Today’s Super Comic — New X-Men #117 (2001)

Apparently, the first X-Men movie reminded Marvel that Xavier was supposed to be running a school for gifted youngsters, not merely sheltering a team of superheroes trapped in an infinite loop of melodramatic soap operas. Granted, the soap opera approach served the X-Men extraordinarily well at times, resulting in some of the greatest superhero comics ever printed.

But by 2001, yeah, it was time for something different. So along came writer Grant Morrison with a fresh tone and fresh energy. X-Men became ­New X-Men, and it earned that adjective, by gosh and by golly.

Issue #117 is early in the run, though not too early for a major status-quo shift to already have taken place. The world now knows Xavier and his students are mutants, and if you know anything about the X-Men, you know how positively thrilled folks are upon hearing the news.

It’s a great development, though. The X-Men have been a metaphor for persecuted minorities since day one, but being able to easily pretend they’re not mutants doesn’t do the metaphor justice.

Also welcome is the fact that the school is actually a school for more than five people. Xavier’s mansion has extras in the background. The X-Men have expanded from a family into a community, and the main characters have actual jobs—teaching these kids.

Those main characters are also changing. The Beast gets the most focus in this issue. His mutation has evolved, or perhaps devolved. Instead of being a blue, furry man-ape, he’s now a blue, furry man-feline. It’s quite an adjustment, and there’s a lot of pain behind his jolly demeanor.

Meanwhile, Jean Grey is feeling increasingly detached from her husband Cyclops, who seems to be drawing the attention of Emma Frost, the formerly villainous White Queen, so Jean starts flirting with Wolverine, who we all know has been in love with her since the good old days. Yeah, you can’t totally extract the soap opera element from the X-Men. It’s infused in its DNA.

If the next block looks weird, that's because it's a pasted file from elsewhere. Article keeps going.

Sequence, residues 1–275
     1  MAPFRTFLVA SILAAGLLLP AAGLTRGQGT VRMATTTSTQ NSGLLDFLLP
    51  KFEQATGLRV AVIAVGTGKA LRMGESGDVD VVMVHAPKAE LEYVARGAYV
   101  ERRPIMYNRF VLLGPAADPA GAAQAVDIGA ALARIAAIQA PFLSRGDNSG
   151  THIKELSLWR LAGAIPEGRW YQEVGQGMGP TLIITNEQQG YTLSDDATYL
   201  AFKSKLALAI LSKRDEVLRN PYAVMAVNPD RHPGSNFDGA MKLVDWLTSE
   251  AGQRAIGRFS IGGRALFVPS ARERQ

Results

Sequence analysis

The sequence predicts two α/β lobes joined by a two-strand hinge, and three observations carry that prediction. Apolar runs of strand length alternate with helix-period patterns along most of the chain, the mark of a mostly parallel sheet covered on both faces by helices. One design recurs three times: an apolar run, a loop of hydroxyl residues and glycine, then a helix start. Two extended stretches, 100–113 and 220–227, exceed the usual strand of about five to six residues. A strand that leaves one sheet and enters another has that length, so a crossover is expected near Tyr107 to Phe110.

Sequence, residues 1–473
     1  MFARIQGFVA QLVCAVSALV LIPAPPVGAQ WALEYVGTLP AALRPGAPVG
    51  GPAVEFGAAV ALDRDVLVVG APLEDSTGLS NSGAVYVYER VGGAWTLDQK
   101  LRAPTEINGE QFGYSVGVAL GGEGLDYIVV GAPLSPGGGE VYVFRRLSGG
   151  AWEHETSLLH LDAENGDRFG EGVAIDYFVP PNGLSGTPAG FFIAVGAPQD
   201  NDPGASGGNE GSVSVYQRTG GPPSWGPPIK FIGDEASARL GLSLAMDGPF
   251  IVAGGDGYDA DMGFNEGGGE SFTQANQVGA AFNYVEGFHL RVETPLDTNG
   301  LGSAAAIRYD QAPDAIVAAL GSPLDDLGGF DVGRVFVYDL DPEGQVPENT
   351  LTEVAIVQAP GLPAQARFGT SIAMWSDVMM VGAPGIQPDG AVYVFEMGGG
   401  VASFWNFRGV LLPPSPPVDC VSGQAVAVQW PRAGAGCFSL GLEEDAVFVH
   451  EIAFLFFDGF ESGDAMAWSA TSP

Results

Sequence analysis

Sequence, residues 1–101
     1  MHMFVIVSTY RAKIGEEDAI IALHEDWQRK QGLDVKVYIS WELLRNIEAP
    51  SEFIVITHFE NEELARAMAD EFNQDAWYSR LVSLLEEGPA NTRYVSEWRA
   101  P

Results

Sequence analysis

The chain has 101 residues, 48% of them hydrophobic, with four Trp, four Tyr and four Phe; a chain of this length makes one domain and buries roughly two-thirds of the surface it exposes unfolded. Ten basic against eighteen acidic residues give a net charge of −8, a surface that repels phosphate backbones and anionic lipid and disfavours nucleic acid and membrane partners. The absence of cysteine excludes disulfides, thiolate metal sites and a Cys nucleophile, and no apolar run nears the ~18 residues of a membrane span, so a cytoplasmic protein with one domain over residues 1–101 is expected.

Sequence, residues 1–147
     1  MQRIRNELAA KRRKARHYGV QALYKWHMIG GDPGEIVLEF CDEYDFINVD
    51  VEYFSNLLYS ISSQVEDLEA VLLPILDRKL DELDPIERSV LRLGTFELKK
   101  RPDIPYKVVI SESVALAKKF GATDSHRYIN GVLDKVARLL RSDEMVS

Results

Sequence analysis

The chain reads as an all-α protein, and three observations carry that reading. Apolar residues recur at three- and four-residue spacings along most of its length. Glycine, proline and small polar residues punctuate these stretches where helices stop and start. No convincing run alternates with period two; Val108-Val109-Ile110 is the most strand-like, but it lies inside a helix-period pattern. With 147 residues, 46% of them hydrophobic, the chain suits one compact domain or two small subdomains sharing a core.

But there’s more going on, and none of it feels like a rehash of your favorite childhood X-stories. It’s exactly what the X-Men needed at the time. (Well, they didn’t need to trade their colorful superhero costumes for lots of black…or maybe Hollywood said they did need to.)

Writer: Grant Morrison

Penciler: Ethan Van Sciver

Inker: Prentiss Rollins

Cover: Frank Quitely

Publisher: Marvel Comics

How to Read It: back issues; Marvel Unlimited; Comixology; included in New X-Men by Grant Morrison vol. 1 (TPB)

Appropriate For: ages 13 and up

Today’s Super Comic — Generation X #18 (1996)

generation_x_vol_1_18I probably could’ve pulled off this yearlong series of positive comic reviews with X-Men books alone.

The X-Men had about a million spinoffs in the ‘90s, and one of the better ones of that era was Generation X. It brought us back to the X-Men’s roots as a series about teenage mutants learning to control their powers in a highly specialized educational environment. But Professor X wasn’t teaching this latest generation—stalwart X-Man Banshee (Sean Cassidy) and former villain the White Queen (Emma Frost) had that job.

Though the book is ostensibly about the teens, the dynamic between these two very different teachers is one of the best parts…as #18 demonstrates, when Emma telepathically compels Sean to walk off a plane at 30,000 feet in the air (it’s okay; he can fly). Her well-intentioned drive to keep her students safe, combined with her less rigid morality, make her a compelling character and one who plays well off of Banshee’s more traditional superhero type. Instead of spy vs. spy, we’ve got teacher vs. teacher (and teacher vs. students).

And artist Chris Bachalo is in top form here, with creative layouts and memorable images. A scene of Banshee breaking out of Emma’s spell is especially well done, though there isn’t a weak page in the book.

Writer: Scott Lobdell

Penciler: Chris Bachalo

Inker: Mark Buckingham

Publisher: Marvel Comics

How to Read It: back issues

Appropriate For: ages 11 and up